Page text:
Threewave, the classic capture the flag mod for the original Quake, is back after 26 years. Bethesda announced today (opens in new tab) that nine levels from the original Threewave CTF mod, along with the grappling hook, special runes, and other enhancements, have been brought back to life and added for free to the Quake remaster on Steam.
It’s hard to imagine now, but when Quake was originally released, it was very bare-bones. Threewave (opens in new tab) was one of the first big mods to address the game’s shortcomings: Developed by Zoid Kirsch, it was pretty basic itself at first, but it offered the excitement of goal-oriented teamplay and, maybe even more importantly, a grappling hook that changed everything.
“Over the course of many updates, and eventually a QuakeWorld version, Threewave CTF would go on [to] make Capture the Flag a household name in multiplayer game modes, and even spawn websites that exclusively covered Capture the Flag modes in games,” Bethesda said. “Threewave CTF would be released officially as a part of Quake 2, and the Quake 3 version of the mod would bring in new flag-based game modes and maps that would later make their way into Quake Live. Quake multiplayer and Threewave CTF have always been intertwined, and now the mod that started it all is now available for free in the enhanced Quake re-release.”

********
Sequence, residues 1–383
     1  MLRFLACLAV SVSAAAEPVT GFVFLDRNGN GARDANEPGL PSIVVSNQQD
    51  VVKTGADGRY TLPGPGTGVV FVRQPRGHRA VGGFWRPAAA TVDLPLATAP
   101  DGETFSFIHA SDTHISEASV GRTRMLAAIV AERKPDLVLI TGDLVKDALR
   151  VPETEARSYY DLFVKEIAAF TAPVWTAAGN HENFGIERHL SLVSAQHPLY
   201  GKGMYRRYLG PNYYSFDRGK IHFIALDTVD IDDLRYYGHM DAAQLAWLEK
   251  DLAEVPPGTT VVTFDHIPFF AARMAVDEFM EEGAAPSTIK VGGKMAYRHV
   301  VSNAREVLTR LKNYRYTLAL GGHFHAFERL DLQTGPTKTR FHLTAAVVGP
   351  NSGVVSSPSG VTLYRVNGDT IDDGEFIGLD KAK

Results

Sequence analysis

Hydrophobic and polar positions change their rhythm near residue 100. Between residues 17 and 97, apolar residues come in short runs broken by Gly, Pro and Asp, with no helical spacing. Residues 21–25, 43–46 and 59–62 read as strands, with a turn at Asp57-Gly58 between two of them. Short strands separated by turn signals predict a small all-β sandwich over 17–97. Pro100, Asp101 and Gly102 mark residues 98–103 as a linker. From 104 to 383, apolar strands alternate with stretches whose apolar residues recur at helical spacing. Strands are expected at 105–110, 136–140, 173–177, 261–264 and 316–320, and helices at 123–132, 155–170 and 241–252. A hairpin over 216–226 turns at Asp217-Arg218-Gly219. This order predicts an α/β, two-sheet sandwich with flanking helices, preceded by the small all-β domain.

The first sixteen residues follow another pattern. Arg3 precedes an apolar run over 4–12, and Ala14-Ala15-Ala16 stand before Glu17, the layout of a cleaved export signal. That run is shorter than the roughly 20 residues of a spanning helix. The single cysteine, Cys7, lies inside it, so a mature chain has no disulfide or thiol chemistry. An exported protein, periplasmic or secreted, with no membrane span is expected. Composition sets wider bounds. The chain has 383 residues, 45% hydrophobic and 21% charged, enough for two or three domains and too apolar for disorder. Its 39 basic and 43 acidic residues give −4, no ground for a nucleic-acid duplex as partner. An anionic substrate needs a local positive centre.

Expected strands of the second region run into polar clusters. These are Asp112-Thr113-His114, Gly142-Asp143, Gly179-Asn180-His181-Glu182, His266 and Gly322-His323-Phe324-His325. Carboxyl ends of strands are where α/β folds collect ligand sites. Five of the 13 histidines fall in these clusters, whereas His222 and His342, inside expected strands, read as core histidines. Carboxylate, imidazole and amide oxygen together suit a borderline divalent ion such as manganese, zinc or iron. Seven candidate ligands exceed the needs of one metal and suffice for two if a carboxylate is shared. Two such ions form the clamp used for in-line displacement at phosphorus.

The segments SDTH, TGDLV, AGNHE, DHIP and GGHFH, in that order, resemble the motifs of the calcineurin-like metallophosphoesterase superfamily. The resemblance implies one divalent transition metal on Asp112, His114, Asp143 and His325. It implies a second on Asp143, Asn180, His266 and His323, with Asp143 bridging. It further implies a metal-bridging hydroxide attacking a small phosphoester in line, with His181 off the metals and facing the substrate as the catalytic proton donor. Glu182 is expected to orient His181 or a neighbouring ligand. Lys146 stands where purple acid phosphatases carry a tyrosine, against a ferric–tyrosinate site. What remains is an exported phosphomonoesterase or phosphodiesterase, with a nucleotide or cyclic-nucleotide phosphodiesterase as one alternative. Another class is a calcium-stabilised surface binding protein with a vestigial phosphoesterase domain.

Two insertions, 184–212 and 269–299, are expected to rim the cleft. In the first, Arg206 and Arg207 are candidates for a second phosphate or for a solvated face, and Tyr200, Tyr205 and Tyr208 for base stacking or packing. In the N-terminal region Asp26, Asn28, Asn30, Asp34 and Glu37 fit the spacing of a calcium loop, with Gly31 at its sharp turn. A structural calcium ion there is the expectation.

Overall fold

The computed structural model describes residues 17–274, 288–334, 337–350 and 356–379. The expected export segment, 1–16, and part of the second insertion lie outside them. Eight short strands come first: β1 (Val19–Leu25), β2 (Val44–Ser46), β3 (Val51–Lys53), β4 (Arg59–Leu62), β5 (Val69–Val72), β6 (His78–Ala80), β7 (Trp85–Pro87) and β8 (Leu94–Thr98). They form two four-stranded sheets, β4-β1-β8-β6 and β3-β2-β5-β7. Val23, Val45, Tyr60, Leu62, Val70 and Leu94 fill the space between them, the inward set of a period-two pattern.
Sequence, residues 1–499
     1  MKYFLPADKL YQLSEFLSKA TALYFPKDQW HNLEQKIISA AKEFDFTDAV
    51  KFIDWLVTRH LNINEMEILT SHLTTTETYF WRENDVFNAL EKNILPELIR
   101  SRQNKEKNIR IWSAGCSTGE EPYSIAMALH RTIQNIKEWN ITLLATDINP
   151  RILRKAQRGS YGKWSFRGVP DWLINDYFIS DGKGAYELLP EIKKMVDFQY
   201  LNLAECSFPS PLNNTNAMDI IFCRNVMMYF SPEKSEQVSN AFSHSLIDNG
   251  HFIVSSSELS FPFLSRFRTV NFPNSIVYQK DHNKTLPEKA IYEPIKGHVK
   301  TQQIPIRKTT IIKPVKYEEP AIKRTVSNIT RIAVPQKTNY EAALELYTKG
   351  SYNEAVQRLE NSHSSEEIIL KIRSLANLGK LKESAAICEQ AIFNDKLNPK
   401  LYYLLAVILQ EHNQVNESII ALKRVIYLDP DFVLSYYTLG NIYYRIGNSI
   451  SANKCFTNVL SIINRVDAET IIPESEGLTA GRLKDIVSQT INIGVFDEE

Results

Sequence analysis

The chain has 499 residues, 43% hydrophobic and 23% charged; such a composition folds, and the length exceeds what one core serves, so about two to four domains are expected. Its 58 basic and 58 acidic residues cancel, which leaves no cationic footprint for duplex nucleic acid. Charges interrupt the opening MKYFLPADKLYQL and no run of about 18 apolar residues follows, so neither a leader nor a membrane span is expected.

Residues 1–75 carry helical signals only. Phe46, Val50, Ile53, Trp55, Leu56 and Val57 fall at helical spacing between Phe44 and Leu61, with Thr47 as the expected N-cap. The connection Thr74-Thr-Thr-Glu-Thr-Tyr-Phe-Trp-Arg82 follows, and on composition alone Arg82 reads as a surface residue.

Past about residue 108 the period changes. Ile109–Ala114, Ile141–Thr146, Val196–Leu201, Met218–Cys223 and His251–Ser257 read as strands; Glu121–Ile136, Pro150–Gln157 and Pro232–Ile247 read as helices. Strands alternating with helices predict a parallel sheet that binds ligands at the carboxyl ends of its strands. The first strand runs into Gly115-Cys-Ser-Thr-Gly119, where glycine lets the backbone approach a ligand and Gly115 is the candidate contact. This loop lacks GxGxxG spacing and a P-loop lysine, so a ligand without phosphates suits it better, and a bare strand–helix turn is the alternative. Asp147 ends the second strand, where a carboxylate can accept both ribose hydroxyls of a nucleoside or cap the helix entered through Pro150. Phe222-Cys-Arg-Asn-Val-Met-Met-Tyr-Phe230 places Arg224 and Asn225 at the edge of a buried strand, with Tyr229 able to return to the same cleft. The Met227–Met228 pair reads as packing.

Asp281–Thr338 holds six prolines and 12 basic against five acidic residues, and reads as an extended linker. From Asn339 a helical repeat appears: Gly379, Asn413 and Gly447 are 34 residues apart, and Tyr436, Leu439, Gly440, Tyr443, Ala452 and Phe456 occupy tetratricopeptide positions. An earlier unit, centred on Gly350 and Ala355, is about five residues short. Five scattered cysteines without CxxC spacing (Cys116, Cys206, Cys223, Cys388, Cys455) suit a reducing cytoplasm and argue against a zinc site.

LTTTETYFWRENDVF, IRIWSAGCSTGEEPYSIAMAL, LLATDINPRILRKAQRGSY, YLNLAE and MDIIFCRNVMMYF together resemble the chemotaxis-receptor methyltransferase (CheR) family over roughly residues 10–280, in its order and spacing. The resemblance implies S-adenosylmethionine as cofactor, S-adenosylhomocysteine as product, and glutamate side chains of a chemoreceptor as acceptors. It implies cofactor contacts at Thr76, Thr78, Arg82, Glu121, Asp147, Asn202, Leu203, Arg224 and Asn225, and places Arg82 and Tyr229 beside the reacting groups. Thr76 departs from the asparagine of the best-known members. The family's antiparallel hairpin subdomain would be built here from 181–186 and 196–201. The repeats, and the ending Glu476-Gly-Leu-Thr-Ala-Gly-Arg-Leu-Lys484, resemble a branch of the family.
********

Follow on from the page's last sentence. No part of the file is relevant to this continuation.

This version of Threewave features an improved flag status display (which is almost disappointing—you can’t capture the enemy flag unless yours is in the base, and half the fun in old-time CTF is running around trying to find out where it went so you can make the cap while enemy players chase you like a pack of pissed-off bloodhounds), team scoreboard, and interface. The maps have also been tweaked to provide better lighting and fog effects. Four new runes will spawn randomly at the start of each match, offering enhanced damage resistance, damage output, and health regeneration to whoever’s lucky enough to be carrying them. Runes, like flags, will drop on death and can be picked up by other players, so even if somebody beats you to it, you can still beat them for it.
The grappling hook is where the real magic is, though. You can use it to turn yourself into a virtual turret by grappling into a wall and then switching weapons—pick a good spot and you’ll make enemy players madder than hell trying to figure out who’s shooting them. You can also use it to grapple onto other players, causing a constant stream of damage (and exposing you to payback damage from your target, mind) and with practice you can even use it to bunny hop around the map, moving with far greater speed and agility than normal.
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Nostalgia is the big driver here, but even if you don’t have history with it, Threewave stands on its own merits as a legitimately good multiplayer mod. It’s simple, direct, and accessible, but surprisingly deep, too—a great way to scratch the team-based action itch without having to spend hours learning every intricacy of the maps and systems.
The Threewave CTF comeback was announced as part of QuakeCon 2022 (opens in new tab), which is live now and runs until August 20. It’s included with the fourth and newest update to Quake, which is live now and should install automatically the next time you start the game. To get into the action, start an online multiplayer game, go into the match browser, and look for CTF matches. That’s it—have fun!